Each household has been issued a "license" to use the village tap for people to be more aware about water conservation. "We'll protect the 20,000-cubic-meter reservoir, our village's central water source, from pollution," says Qu.
Residents of Liushudian village in adjacent Yilong county have set up a self-governing water supply association, which is responsible for supplying water to 403 families. "All matters, including the charges, are posted on the walls for public review," says director Li Wanshu.
One of the goals of the UN Millennium Declaration is to halve the number of people who do not have access to safe drinking water by 2015. The government has increased its spending on rural water supply since and provided an additional 67 million people with safe drinking water by the end of 2005.
year before that, the government shifted its focus to water security, which is determined by four criteria: quality, daily intake, convenience of access and continuity of supply. Moreover, it has promised to supply safe water to an additional 32 million rural residents every year during the 11th Five Year Plan (2006-10), according to Chen Lei, Minister of Water Resources.
Rong Guang, an MWR official, is grateful to UNICEF for playing a key role in making safe water available to rural people. UNICEF started the Children's Environment and Sanitation (CES) Project in Yunnan province in the mid-1980s. It extended to six provinces between 1996 and 2000 and to three more by 2005. Sichuan became a part of the pilot program in 1998.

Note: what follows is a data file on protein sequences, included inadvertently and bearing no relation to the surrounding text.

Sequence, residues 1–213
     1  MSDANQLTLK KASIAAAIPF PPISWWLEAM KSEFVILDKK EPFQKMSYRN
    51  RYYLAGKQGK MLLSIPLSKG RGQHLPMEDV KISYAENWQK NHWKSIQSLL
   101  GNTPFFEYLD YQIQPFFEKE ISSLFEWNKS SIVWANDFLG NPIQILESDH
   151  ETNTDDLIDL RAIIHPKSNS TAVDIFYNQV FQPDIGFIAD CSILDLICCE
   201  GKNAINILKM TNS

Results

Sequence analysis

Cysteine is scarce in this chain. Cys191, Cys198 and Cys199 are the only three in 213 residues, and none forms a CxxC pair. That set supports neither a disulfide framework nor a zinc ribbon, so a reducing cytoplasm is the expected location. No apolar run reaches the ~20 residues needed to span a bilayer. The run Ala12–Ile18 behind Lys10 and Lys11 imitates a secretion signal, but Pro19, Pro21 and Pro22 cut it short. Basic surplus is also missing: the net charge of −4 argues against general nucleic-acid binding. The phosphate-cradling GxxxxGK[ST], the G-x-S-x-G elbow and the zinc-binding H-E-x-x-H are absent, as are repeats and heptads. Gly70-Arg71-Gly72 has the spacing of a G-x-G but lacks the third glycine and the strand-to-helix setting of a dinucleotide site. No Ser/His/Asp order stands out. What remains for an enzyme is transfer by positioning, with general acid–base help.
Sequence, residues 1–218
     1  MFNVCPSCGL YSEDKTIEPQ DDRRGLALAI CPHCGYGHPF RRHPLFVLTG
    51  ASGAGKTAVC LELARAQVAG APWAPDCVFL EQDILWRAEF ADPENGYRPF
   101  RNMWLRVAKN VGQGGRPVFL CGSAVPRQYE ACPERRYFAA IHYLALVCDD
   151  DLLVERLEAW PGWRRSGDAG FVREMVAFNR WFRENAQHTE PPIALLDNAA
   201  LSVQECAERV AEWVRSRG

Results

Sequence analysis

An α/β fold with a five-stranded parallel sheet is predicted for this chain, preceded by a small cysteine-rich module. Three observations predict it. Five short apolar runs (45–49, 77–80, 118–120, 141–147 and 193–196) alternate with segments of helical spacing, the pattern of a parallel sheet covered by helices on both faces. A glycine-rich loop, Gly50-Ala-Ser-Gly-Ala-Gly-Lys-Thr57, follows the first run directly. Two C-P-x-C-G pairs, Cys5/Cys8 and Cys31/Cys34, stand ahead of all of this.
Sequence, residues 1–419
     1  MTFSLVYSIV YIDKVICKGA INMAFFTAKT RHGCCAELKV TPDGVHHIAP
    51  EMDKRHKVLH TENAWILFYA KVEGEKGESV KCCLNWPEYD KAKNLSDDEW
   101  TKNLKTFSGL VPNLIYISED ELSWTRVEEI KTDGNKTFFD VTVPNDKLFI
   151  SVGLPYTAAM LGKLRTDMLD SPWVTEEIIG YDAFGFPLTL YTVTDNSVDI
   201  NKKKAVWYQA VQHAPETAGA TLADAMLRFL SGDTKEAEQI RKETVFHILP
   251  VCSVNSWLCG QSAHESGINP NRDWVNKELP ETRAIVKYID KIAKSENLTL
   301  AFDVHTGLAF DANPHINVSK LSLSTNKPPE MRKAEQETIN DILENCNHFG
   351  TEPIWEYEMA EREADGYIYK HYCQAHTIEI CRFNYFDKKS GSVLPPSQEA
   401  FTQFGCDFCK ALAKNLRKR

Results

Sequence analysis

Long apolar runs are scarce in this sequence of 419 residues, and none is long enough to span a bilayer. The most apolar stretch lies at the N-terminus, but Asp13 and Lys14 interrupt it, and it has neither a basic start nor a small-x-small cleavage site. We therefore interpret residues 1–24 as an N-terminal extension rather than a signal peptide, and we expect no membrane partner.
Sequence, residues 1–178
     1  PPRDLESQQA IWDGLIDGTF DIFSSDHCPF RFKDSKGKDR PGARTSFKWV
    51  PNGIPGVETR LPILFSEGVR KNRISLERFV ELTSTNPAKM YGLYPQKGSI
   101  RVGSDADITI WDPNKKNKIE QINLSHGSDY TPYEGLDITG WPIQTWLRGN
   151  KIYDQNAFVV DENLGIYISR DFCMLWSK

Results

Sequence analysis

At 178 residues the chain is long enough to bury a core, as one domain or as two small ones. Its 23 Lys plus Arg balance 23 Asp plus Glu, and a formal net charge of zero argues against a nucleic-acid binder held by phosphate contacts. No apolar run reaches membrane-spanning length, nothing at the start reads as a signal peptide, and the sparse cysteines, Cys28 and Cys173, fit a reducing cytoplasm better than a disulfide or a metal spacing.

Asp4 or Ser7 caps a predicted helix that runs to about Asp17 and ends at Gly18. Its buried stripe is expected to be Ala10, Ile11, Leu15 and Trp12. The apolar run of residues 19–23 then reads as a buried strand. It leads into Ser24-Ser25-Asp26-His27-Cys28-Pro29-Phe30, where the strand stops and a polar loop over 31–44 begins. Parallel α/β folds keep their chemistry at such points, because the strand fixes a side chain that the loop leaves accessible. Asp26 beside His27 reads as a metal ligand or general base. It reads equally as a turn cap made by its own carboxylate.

A major feature of the project is its emphasis on the integration of water, environment and sanitation, says Lei Jun, UNICEF's water and environmental programs officer. In the 1990s, UNICEF funded the installation of 6,598 deep pumps in the provinces, of which 300 pumps were in Pingyang and Mabian counties of Sichuan.
Li Daqun, a farmer in Hongmiao village of Sichuan's Pingchang county, says the pump that UNICEF installed in 1999 still supplies water to her community. Before the 2,000-yuan pump was installed, Li used to fetch water in a bamboo bucket. Things improved so much after the pump was installed that she began raising pigs. Today she has 20 pigs, and her annual income has gone up by 10,000 yuan.
"UNICEF paved the way for the government's emphasis on water supply in rural areas," Rong says. But many problems are yet to be solved. For instance, electricity accounts for about half the cost of water supply, says Zhang Lei, an official of the Sichuan rural water supply department. It has to be reduced by two-thirds, he says, so that more farmers can afford tap water.
Sanitation, says Rong, is another aspect that has received little consideration.
In January, the National Development and Reform Commission and the ministries of Health and Water Resources issued a regulation on monitoring water quality in rural areas. But a lot of money and personnel are needed to carry that out, which few water supply stations can afford.
Sun Hai, head of Yuntai water supply station of Tongjiang, says his station cannot guarantee regular water testing because a comprehensive test is "very expensive".
Fortunately, these problems are not beyond solution. What is needed is a determined effort of the central government and the provincial authorities, and the eagerness of the people to improve their lives.
(China Daily April 29, 2008)